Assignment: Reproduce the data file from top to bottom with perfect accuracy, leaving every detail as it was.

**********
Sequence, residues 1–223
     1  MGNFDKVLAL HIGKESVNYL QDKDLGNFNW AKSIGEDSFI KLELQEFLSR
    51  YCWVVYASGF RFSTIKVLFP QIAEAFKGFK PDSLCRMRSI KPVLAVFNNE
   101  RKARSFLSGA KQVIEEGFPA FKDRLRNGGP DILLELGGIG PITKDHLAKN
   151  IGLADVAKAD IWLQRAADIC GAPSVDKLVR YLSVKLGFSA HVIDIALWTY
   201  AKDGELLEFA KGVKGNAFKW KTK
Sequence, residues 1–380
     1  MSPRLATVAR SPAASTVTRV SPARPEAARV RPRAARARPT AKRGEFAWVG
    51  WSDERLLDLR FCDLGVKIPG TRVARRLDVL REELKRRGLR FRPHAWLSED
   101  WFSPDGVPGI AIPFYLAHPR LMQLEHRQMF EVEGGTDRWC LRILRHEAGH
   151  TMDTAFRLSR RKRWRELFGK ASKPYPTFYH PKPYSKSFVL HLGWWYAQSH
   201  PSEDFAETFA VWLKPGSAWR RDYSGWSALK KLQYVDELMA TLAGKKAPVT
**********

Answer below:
Sequence, residues 1–223
     1  MGNFDKVLAL HIGKESVNYL QDKDLGNFNW AKSIGEDSFI KLELQEFLSR
    51  YCWVVYASGF RFSTIKVLFP QIAEAFKGFK PDSLCRMRSI KPVLAVFNNE
   101  RKARSFLSGA KQVIEEGFPA FKDRLRNGGP DILLELGGIG PITKDHLAKN
   151  IGLADVAKAD IWLQRAADIC GAPSVDKLVR YLSVKLGFSA HVIDIALWTY
   201  AKDGELLEFA KGVKGNAFKW KTK
Sequence, residues 1–380
     1  MSPRLATVAR SPAASTVTRV SPARPEAARV RPRAARARPT AKRGEFAWVG
    51  WSDERLLDLR FCDLGVKIPG TRVARRLDVL REELKRRGLR FRPHAWLSED
   101  WFSPDGVPGI AIPFYLAHPR LMQLEHRQMF EVEGGTDRWC LRILRHEAGH
   151  TMDTAFRLSR RKRWRELFGK ASKPYPTFYH PKPYSKSFVL HLGWWYAQSH
   201  PSEDFAETFA VWLKPGSAWR RDYSGWSALK KLQYVDELMA TLAGKKAPVT